[Continuing the nostalgia/memory project that I referred to in this recent post about Ajooba]
Another despatch from the summer of 1991. As I have written earlier, that summer was a pivotal one for my film education – this being when I first developed an obsession with old American and British cinema that also led me to serious film literature for the first time. (Since I am still very much a young film student in my own head, it’s strange to think that a full 30 years have passed since the months when I lugged my heavy Leonard Maltin movie guide around with me to neighbourhood video shops, or to Palika Bazaar once in a while, and looked at movie entries in the book before deciding what to rent or buy.)
Some memories of the April to July period in particular are very vivid, and are supplemented by – or in some cases, contradicted by – my diary entries of the time. These include two other signposts: two killings that took place a little over three weeks apart. The first of them – the Rajiv Gandhi assassination on May 21 – everyone knows about. The second was much less public but created lasting shockwaves for my mother’s family: the murder of my great-grandmother – my nani’s mother who, for whatever reason, was known to all of us as “bhabhiji” – in her Nizamuddin house on June 14.
Looking back, both these incidents are inseparable in my mind from the ferocious movie-watching I was doing at the time – and the many ways in which I was processing or making sense of real life through films (while also being aware of the differences between the two things).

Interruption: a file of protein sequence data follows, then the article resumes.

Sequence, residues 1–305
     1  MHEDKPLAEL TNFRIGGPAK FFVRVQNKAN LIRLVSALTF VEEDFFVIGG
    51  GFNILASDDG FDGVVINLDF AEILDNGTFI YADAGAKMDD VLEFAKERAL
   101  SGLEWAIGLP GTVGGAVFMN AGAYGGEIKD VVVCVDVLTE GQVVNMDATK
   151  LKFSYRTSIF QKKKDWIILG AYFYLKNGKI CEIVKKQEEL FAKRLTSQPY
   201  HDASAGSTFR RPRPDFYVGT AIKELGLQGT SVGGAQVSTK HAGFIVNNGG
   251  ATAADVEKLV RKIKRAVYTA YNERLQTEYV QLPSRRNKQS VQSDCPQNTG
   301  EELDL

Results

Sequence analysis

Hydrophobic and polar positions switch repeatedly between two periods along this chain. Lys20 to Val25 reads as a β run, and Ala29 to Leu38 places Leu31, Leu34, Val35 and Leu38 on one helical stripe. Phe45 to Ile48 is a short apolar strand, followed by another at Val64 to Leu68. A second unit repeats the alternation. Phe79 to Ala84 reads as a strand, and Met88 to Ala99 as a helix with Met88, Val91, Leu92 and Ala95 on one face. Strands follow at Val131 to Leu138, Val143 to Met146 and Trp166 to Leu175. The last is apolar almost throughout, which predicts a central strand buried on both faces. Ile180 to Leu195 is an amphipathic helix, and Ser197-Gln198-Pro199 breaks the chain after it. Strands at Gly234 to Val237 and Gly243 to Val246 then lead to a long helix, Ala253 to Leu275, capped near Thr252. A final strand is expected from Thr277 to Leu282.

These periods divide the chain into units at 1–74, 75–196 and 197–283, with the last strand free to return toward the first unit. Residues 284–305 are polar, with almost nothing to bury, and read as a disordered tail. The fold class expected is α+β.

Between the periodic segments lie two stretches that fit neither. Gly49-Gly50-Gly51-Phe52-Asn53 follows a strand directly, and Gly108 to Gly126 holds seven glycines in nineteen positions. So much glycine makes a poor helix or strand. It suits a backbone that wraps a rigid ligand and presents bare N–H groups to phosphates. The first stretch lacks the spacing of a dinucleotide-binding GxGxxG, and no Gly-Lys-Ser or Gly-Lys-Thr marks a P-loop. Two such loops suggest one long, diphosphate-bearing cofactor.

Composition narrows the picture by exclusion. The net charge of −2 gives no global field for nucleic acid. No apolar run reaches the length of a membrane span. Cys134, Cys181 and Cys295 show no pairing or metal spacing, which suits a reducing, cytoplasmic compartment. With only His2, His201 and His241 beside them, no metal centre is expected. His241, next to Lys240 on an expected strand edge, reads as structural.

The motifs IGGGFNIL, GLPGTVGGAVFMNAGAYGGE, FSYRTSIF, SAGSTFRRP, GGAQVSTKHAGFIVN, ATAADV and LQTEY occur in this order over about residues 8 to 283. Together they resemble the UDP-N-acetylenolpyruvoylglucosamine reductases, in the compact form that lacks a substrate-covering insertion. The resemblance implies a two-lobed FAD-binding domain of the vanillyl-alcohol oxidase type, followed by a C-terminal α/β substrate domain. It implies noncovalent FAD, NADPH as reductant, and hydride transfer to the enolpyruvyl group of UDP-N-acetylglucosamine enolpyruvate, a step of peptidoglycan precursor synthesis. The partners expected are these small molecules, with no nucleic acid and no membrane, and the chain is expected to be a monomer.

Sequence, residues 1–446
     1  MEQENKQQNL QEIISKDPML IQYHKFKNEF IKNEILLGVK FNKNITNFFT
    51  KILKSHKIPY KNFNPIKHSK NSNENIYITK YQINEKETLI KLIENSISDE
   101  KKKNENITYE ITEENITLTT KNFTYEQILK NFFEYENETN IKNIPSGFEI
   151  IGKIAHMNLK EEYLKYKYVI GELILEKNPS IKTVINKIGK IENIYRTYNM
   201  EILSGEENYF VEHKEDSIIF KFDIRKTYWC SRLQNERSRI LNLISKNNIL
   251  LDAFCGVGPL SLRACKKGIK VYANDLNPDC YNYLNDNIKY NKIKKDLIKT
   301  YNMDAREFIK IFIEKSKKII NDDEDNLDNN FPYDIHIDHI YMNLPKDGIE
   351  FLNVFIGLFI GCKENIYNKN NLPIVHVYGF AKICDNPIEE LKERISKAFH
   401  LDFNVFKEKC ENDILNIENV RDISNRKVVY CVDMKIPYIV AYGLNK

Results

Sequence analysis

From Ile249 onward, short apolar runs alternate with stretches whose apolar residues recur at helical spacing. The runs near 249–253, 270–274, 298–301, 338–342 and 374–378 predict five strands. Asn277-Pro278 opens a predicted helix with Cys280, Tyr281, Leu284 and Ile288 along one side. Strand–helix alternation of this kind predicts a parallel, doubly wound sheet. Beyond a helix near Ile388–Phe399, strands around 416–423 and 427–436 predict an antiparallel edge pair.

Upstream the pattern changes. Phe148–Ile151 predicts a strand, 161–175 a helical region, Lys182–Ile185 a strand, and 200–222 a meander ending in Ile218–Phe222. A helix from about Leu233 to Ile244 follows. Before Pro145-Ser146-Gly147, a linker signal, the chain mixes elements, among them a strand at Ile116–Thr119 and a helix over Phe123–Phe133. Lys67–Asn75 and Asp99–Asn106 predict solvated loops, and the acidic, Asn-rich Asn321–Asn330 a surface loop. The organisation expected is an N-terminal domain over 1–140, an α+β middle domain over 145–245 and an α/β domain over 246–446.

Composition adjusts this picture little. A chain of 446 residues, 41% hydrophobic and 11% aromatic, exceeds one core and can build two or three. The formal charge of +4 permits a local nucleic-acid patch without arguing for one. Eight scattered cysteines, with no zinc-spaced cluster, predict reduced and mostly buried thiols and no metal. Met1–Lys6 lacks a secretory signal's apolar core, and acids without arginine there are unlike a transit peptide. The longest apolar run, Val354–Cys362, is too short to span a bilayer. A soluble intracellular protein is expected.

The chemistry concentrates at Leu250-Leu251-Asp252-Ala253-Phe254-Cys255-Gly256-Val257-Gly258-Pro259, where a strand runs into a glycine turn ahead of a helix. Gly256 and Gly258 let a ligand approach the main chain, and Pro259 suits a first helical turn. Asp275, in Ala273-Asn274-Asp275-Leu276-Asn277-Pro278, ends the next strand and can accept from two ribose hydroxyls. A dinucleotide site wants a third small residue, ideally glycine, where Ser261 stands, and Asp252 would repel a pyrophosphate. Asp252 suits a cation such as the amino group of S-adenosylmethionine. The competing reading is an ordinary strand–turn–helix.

On the night of May 21, my nani was staying with us in Saket. (She divided her time between Saket and Green Park, where she had lived for years with an old friend, a reserved, silver-haired gentleman whom I knew as Badhwar uncle – and in whose house my mother and I had also lived for a year in 1986-87 when we moved out of my father’s place – but more on that another time.) Though my summer holidays had begun, we must have all gone to bed by 10-10.30 pm; this would be the last year of the Doordarshan era, and we weren’t in the habit of watching TV till late. And so, it was only at around 5.30 the next morning that we were woken by a call from Badhwar uncle, telling us about the assassination.
As my nani told it, his voice was shaking on the phone, and this wasn’t just because of the magnitude of what had happened. Badhwar uncle, who practised astrology (very seriously but non-professionally, only counselling acquaintances who came to him for advice), had once predicted that not only would Rajiv Gandhi not live to see 1992, but that his death would be so terrible that his face wouldn’t be left intact enough for identification.
I grew up to be an astrology-sceptic myself (and didn’t find it too interesting even as a child, having eye-rolled my way through parts of a Linda Goodman book my mother had lying around), but I had heard uncle make that prediction years earlier – possibly during the time when my mother and I lived in his Green Park house. And when I met him for the first time after the Rajiv Gandhi killing, he looked strained by the way in which it had come to pass; there was no gloating, no “didn't I tell you”, just tiredness.